Album Review: Asylums – Killer Brain Waves

Killer Brain Waves

Released July 29th 2016

Words: James Booton

asylums killer brain wavesThirty-six minutes of hard hitting, messy rock and roll, what more could you possibly want from an album? After over two years of working on various single releases, London based rock foursome Asylums have now produced one of the most refreshingly raw, rock albums of the year titled Killer Brain Waves. The relatively short length of their debut album reflects the bands fast paced passionate attitude, almost every song being a quick burst of heavy rock riffs tangled up with pop melodies. Blending the two genres to perfection and managing to create an album on the catchier side of rock, fitting in with the recent rock revolution, with the likes of Royal Blood emerging into the public eye.

The album harbours all the key elements of a quality rock album, however Asylums manage to find a niche in their cleverly written lyrical satire. Lead singer Luke Branch sings of The Death Of Television and of Sunday Commuters, taking an unfavourable view on modern society, poking fun at the so called “social-norms” and the way the world has developed. Branch’s ironic vocals convey a resemblance to the socially aware, humorous lyrical messages of the late 90’s group Weezer, and offer the band a unique edge considering lyrics are becoming more and more meaningless in the modern day. Another element of Asylums distinct sound is the addition of synth melodies on tracks such as Bad Influence and Slacker Shopper, again mashing up classic grungy rock & roll with a slight modern twist.

The new album provides the listener with a versatile record, ranging from the aggression and power of Slacker Shopper to the catchier, more heartfelt pop rock chorus’s in Missing persons and Joy In A Small Wage which carry a more American vibe. Although the album does boast a range of interpretations on rock, the general style of Asylums is clear and is reinforced by the albums artwork. Killer Brain Waves is not only a good indication for the way rock is developing, but also an insight into the rebirth of the importance of an artist’s creative direction, with art and fashion again becoming increasingly integrated with music just like they used to be, as well as the resurgence of the consumer being concerned about the look and feel of an album as vinyl begins to make a comeback. Following this trend, Asylums release their debut album on Bright pink vinyl accompanied by an edgy album cover picturing a microwaved brain. Layered on top of that, an American skate, cracked typeface. These combine to give the band a distinct brand with the typeface resembling at the messy rock side of their music, whereas the image reflects the groups social irony. Even the designs, purple/blue, space like colour scheme hints at the minor synth elements of some songs, reflecting a similar colour structure of some early 70’s groups such as Electric Light Orchestra.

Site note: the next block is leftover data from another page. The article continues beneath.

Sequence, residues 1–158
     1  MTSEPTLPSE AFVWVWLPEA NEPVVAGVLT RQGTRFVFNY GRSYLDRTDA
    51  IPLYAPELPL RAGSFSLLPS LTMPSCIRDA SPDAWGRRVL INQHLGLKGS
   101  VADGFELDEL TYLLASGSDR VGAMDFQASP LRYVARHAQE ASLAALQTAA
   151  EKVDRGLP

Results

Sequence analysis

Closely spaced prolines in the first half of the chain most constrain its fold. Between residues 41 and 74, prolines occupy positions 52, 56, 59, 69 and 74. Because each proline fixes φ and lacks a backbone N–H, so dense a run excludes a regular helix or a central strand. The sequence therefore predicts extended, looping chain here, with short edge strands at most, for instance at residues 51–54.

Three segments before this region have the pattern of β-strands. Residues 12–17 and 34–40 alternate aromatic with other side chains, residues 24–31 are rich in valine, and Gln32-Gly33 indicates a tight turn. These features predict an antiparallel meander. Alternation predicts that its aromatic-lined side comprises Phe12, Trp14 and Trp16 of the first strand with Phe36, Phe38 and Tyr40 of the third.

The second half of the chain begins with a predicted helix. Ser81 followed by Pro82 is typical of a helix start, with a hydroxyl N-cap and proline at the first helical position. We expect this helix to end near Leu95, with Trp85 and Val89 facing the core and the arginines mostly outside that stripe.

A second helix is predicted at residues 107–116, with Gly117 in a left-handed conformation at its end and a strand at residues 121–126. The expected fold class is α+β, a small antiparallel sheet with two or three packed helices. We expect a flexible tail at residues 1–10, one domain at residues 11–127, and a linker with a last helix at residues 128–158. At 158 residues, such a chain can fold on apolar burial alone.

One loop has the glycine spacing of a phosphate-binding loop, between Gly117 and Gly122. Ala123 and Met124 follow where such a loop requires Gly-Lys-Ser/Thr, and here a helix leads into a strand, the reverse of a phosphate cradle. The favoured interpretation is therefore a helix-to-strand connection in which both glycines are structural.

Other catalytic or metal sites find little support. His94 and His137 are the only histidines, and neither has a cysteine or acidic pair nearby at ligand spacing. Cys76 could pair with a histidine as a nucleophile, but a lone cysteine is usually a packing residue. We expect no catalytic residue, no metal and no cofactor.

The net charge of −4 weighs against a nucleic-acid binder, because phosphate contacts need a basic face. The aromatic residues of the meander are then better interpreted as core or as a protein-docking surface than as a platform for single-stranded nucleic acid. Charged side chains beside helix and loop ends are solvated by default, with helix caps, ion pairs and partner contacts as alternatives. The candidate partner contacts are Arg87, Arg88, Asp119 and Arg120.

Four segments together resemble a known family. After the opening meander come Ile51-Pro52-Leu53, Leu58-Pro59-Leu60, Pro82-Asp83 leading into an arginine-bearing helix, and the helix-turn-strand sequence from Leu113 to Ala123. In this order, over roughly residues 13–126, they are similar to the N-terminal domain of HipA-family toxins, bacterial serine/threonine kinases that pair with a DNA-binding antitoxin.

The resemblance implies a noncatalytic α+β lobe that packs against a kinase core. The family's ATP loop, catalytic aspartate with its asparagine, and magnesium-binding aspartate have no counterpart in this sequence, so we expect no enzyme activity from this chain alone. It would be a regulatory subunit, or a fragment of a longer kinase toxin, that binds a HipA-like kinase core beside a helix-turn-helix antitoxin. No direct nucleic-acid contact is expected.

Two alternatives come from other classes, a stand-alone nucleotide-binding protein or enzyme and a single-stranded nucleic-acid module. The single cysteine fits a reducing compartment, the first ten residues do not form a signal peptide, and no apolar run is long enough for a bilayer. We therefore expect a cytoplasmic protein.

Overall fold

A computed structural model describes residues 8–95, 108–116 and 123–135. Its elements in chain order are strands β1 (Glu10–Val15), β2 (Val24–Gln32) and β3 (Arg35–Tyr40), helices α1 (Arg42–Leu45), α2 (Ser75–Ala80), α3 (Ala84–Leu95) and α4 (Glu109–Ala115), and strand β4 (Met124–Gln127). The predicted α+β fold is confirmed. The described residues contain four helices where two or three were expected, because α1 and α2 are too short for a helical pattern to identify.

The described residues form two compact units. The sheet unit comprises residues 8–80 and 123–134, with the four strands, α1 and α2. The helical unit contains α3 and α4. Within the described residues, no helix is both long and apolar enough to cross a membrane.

The track bang in the middle of the album, The Death Of Television sums up all that the band is about, a one minute and twenty-six second long attack of punchy social criticism (in this case of the social media industry). A brilliant break through act dedicated to their love of music, releasing their debut album via their own record label Cool Thing Records, Asylums are sure to make a name for themselves with their distinctive “aesthetically unpleasing” style and politically critical lyrics.

Head over to the bands website where their bright pink, signed vinyl is available to order now!

Listen to Killer Brain Waves here:



16 – London, Hackney Wonderland
21 – Southend, Chinnerys
22 – Salford, Eagle Inn
23 – Oxford, Cellar
25 – Bristol, Cellar
26 – Brighton, Hope & Ruin
27 – Leicester, The Cookie
28 – Birmingham, The Rainbow
29 – Aldershot, West End Centre

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